• Physicist Howard Trottier and chemist Sophie Lavieri were in a long and strong feature on CBC-TV’s evening news, on SFU’s Starry Nights astronomy outreach program for kids.

    Reporter Bob Nixon: “Howard Trottier is a man on a mission—getting British Columbians, especially young ones, excited about space. . . . For the past year this Simon Fraser University physicist has hosted star parties that have attracted hundreds of kids. Kids who attend four star parties are given a telescope for free.”

    Trottier: “So we’ve given away about 120 scopes.”

    Nixon: “It is all part of SFU’s Science in Action program, run by Sophie Lavieri, which attracted 5,000 elementary and high school kids to the university this year for hands-on experience in chemistry, physics and astronomy labs.”

    Lavieri: “If we give them the opportunity to get involved in science at a very young age then you are going to see that they might get excited.”

    Nixon: “Trottier and Lavieri also fund-raise, and are halfway to their goal of creating a $4-million science outreach centre on campus. . . . They still have a long way to go, but they’re not worried. They’ve got (pause) stars in their eyes.”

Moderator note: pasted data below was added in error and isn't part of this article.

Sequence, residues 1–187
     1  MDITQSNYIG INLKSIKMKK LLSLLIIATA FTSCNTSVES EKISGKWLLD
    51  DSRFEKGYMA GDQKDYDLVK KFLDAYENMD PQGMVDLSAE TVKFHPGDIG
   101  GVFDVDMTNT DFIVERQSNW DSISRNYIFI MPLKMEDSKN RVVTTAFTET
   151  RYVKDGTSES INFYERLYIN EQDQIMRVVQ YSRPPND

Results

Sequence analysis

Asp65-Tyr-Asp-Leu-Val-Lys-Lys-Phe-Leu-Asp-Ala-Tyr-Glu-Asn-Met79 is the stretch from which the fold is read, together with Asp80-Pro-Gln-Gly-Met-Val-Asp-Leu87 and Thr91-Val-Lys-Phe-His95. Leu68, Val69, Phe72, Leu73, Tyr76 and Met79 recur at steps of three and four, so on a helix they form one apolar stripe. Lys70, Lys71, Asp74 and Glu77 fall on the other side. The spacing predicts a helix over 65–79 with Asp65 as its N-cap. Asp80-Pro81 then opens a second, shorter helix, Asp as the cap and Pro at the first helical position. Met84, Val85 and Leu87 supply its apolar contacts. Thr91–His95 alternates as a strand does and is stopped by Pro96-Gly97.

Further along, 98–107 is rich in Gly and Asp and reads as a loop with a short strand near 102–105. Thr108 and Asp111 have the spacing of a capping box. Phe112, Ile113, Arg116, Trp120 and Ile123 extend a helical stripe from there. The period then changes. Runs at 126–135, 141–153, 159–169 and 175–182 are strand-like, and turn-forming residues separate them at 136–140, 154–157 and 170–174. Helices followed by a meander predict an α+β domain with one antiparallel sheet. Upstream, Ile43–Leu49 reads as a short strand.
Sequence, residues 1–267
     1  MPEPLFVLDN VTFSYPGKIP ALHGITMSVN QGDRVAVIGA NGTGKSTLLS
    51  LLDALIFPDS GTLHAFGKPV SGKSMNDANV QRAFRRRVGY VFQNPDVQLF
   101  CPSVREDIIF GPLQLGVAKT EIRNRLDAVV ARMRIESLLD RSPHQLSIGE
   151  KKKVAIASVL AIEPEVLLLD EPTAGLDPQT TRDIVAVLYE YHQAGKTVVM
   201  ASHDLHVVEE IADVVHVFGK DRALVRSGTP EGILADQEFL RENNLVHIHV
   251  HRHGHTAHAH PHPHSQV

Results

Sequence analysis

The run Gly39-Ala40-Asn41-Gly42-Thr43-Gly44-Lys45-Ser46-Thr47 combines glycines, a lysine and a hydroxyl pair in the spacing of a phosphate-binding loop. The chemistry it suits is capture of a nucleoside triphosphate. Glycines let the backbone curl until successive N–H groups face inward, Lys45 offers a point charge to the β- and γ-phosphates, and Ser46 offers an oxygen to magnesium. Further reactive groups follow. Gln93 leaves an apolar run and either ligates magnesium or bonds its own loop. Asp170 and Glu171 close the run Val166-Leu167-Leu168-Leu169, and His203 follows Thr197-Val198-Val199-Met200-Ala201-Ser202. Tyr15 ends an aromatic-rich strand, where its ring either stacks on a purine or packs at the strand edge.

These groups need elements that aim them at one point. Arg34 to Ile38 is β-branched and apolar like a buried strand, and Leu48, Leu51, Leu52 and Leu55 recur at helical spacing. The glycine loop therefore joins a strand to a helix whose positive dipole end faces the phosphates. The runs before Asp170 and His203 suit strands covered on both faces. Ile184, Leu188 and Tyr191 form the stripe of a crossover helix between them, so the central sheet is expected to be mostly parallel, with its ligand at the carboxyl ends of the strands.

(Trottier was also in a feature on the Starry Nights program on GlobalTV a month ago.)
  • CTV News sent a camera to the Burnaby campus for the celebration by the SFU Office for Aboriginal Peoples (OAP) to mark the recent installation of two historic totem poles outside the OAP office entrance. The poles, carved by the late Tsimshian artist Ray Wesley, were originally erected more than three decades ago in Naheeno Park on Burnaby Mountain. They slowly became weathered, worn and forgotten until 2007 when they were removed for restoration and relocation on the Burnaby campus.

    Radio stations CKNW and CKWX did items on the event, and CBC Radio in Prince Rupert (in Tsimshian territory) interviewed OAP director William Lindsay.
  • Public policy prof John Richards wrote a guest column in The Vancouver Sun on the federal government’s decision to scrap the compulsory “long form” census questionnaire.